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Letter to Taylor White on the Kea (S504a: 1894)

Editor Charles H. Smith's Note: Taylor White made a presentation to the 8 October 1894 meeting of the Hawke's Bay (New Zealand) Philosophical Institute which included the text of a portion of a letter Wallace had sent him. The presentation was printed in volume 27 of the Transactions and Proceedings of the Royal Society of New Zealand that year; Wallace's letter appeared on page 277. I have included some of White's words at the beginning of the paper and just before and after Wallace's letter to provide context. To link directly to this page, connect with: http://people.wku.edu/charles.smith/S504A.htm

[[p. 273]] . . . I have been prompted to write this paper on receipt of a letter from Mr. Alfred R. Wallace, F.R.S., who still holds to the old-time stories given of this bird long ago, and follows the lead of those who had but a second-hand knowledge of this bird, and so falls into errors, such as its leaving the berries of the forest-trees and taking to picking the kidney-fat out of live sheep running on the mountain-side, and being gradually trained thereto by commencing to sample the carcases of sheep hanging on the gallows or slaughter-place of the sheep-farmer . . .

[[p. 277]] . . . My knowledge of the kea has no reference to its habits at the present time, for I have for twenty years lived in a district where they are not to be found. As my excuse for writing this I append a copy of that portion of Mr. Wallace's letter which induced me to think it desirable that the habits of the kea should be remarked upon:--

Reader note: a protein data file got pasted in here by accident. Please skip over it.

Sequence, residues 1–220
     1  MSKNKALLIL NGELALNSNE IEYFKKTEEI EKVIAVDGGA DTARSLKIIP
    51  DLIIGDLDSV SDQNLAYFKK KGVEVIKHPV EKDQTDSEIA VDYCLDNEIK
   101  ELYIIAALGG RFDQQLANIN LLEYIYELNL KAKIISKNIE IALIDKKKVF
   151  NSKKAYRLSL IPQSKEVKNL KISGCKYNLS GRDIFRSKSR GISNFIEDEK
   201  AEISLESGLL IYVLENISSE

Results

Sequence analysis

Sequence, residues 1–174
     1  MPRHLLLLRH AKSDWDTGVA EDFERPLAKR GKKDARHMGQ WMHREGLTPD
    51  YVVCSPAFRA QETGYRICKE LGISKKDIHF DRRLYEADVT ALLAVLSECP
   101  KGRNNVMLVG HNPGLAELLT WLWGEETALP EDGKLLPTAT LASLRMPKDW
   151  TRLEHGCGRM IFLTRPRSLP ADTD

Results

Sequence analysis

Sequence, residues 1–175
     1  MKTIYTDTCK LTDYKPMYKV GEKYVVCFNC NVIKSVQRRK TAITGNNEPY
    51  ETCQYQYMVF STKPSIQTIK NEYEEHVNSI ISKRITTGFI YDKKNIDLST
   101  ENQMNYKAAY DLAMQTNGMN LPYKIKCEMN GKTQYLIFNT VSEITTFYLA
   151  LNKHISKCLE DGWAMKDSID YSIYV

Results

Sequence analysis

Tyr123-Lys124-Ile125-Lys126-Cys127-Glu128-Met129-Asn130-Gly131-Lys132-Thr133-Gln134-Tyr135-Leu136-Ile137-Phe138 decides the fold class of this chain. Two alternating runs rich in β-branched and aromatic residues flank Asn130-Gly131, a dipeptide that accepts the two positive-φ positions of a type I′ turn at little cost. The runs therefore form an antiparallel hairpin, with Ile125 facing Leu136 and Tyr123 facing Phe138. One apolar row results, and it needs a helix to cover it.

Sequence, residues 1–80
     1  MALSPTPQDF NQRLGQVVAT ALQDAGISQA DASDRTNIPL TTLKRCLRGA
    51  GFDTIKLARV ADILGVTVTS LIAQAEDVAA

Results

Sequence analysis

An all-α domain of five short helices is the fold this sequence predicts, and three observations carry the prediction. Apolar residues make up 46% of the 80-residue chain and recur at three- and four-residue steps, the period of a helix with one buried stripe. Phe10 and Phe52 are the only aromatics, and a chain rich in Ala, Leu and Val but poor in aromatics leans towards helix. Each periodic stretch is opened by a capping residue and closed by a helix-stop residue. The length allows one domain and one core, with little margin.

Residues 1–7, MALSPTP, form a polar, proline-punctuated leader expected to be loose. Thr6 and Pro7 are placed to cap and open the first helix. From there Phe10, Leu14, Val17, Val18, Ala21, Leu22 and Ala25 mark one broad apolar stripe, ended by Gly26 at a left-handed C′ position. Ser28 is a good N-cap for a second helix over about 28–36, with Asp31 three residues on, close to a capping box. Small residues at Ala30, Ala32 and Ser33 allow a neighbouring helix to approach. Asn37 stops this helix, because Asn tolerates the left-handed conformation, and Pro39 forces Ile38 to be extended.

Parkstone, Dorset, 3rd January, 1894.

Dear Sir,--

    I received from a friend of yours a number of the "Journal of Science," containing among other things some remarks on the habits of the kea. As the writer says that I have given "what is generally believed to be a correct description of the bird's habits, &c.," it will be time enough to change it when other New Zealand authorities accept Mr. Huddleston's account.

    I see in another article it is stated that the habit of tearing open the vegetable sheep for insects led to the kea's tearing open first dead sheep and then living ones. . . .

Yours very faithfully,
Alfred R. Wallace.

Taylor White, Esq.

    [[p. 278]] To this I reply that Mr. Huddleston's article on the kea is the best I have seen on the subject, and, so far as my own experience goes, is reliable, and for this reason I specially obtained that number of the "Journal of Science" which contained Mr. Huddleston's paper, and forwarded it to Mr. Wallace: hence his letter to me thereon. . . .

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